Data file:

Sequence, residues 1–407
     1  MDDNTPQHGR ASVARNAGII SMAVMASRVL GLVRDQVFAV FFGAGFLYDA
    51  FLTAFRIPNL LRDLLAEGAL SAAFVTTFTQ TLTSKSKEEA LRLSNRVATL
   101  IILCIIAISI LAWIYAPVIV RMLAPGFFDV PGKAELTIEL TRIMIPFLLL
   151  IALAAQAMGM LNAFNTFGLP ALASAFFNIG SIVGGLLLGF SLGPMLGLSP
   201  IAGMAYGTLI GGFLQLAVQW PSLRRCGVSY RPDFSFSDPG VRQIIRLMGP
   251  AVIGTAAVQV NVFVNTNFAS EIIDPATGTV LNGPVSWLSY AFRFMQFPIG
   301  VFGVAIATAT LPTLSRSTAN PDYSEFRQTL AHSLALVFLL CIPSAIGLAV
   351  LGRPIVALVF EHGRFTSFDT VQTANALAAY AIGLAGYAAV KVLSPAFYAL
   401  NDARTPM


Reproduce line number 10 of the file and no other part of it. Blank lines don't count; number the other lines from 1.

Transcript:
   401  NDARTPM